On the day Public School educators, administrators, staff, and their supporters gathered to make their voices heard at the North Carolina General Assembly, filling the streets and filling the gallery of the Legislature, the North Carolina Council of Churches announced their renewed support for Public Education. Longtime advocates of Public Education, the Council is now unveiling a new initiative, Faith Leaders for North Carolina Children. Modeled on the successful program, Pastors for Texas Children founded in 2013, the program designed by the Council aims to strengthen the important support many churches already provide for the schools in their communities and neighborhoods. Notably, this initiative will focus on supporting the needs identified by teachers, counselors, social workers, and administrators at each particular school. Furthermore, faith communities will be empowered to provide ongoing advocacy like that recently seen in Raleigh at the local and state level.
“Schools and faith communities are the anchor institutions of our towns and neighborhoods,” said Jennifer Copeland, Executive Director of the Council. “Our Public Education schools are providing a comprehensive safety net for the children in our communities, the very ones whom Jesus took on his knee and blessed (Mark 10:15-16). These schools must be adequately funded, well staffed, and empowered to do this important work for our children.”
When the Durham Public School System announced it would be closed for the Public Education Advocacy Day, the Council quickly organized local faith communities and school leaders to address the needs of students, primarily those who depend on school feeding programs. As other districts followed Durham’s example, Council leadership moved with the rising tide hosting in person planning sessions for school and faith leaders throughout the Triangle and providing online suggestions for Wednesday’s event.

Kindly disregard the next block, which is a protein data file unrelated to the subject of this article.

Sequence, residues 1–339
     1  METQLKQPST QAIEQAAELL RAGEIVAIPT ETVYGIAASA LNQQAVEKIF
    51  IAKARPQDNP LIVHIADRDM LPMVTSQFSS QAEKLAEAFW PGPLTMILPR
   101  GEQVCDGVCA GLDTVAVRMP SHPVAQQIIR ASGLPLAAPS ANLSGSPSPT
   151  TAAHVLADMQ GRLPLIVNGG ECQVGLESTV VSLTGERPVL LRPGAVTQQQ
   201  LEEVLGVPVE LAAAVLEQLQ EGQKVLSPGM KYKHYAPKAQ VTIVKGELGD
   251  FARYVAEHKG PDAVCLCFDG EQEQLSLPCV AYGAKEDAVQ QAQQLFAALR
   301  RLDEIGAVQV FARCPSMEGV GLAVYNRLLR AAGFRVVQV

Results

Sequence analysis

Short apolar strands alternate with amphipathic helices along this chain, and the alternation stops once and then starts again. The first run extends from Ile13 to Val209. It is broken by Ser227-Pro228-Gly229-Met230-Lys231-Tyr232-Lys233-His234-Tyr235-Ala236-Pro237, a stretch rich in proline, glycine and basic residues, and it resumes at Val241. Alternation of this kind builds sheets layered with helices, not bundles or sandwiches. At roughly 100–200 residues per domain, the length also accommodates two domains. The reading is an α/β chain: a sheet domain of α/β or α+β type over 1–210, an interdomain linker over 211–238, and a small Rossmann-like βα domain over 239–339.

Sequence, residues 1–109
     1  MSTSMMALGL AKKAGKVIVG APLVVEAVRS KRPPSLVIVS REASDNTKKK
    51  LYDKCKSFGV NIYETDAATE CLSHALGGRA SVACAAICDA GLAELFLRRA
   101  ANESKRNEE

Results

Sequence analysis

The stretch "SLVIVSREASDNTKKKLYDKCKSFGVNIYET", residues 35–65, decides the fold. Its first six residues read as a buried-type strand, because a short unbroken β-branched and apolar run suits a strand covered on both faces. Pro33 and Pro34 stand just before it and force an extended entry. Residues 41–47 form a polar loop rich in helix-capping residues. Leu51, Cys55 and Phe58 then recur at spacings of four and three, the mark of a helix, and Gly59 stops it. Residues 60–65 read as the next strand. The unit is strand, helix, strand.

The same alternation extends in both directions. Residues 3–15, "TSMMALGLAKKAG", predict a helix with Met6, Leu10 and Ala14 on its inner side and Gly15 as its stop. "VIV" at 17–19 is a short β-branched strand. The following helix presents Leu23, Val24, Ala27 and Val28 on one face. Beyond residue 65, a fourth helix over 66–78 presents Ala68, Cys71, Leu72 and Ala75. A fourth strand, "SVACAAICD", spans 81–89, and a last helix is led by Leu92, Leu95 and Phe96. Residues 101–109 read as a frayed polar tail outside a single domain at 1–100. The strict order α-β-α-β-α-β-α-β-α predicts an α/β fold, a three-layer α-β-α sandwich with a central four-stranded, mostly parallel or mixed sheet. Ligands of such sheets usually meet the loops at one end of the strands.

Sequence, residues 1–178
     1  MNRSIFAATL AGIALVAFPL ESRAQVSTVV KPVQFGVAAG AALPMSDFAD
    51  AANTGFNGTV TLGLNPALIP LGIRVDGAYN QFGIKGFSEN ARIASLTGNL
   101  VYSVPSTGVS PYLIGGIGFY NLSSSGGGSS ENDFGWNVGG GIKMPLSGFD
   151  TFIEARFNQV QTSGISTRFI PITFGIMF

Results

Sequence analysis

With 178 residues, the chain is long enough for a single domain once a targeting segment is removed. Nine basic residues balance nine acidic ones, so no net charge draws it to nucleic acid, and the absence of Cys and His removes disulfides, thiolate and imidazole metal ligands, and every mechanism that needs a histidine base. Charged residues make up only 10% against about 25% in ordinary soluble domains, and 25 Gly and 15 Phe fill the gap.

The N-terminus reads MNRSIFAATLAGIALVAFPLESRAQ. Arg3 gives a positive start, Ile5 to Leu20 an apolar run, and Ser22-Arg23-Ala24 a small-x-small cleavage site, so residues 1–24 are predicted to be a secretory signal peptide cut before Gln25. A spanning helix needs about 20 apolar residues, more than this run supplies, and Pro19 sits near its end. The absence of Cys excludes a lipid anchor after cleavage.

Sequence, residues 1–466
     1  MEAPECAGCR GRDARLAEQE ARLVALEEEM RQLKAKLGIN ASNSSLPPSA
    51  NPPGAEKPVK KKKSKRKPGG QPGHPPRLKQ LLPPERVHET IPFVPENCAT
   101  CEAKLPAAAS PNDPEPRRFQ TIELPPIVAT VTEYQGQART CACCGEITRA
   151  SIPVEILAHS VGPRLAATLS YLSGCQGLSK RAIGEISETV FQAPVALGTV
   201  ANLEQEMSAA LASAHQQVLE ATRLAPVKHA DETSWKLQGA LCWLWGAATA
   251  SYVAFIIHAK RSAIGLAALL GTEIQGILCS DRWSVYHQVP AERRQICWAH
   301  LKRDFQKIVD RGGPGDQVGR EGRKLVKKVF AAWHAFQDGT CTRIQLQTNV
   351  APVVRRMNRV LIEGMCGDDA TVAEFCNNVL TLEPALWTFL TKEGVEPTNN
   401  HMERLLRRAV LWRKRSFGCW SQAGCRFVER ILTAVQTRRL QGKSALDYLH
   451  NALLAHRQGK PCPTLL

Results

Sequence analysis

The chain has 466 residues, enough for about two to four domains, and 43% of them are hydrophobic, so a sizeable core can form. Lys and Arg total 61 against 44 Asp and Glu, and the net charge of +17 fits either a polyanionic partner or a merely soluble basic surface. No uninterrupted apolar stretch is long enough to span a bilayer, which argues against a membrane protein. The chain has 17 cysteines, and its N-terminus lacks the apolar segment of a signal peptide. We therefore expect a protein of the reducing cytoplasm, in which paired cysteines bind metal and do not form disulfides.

Representing 18 denominations in North Carolina, inclusive of over 6,200 congregations, the Council is uniquely positioned to help faith communities leverage their numbers for Public Education advocacy alongside the charitable support so many faith communities have been offering schools for years. Copeland reassures that this project is not a church growth plan or a cloaked proselytizing effort. It is a way to marshal the energy of those who naturally care about our schools and our children and unleash that compassion and energy for their well-being; it is a way to unite the needed gifts with the able givers. “God’s justice especially includes children,” Copeland added. “If schools are places where our children can receive the tools they need to flourish, why wouldn’t faith communities pledge the full force of our numbers in support of them?”
More information about the Council’s initiative, Faith Leaders for North Carolina Children, can be found by clicking here.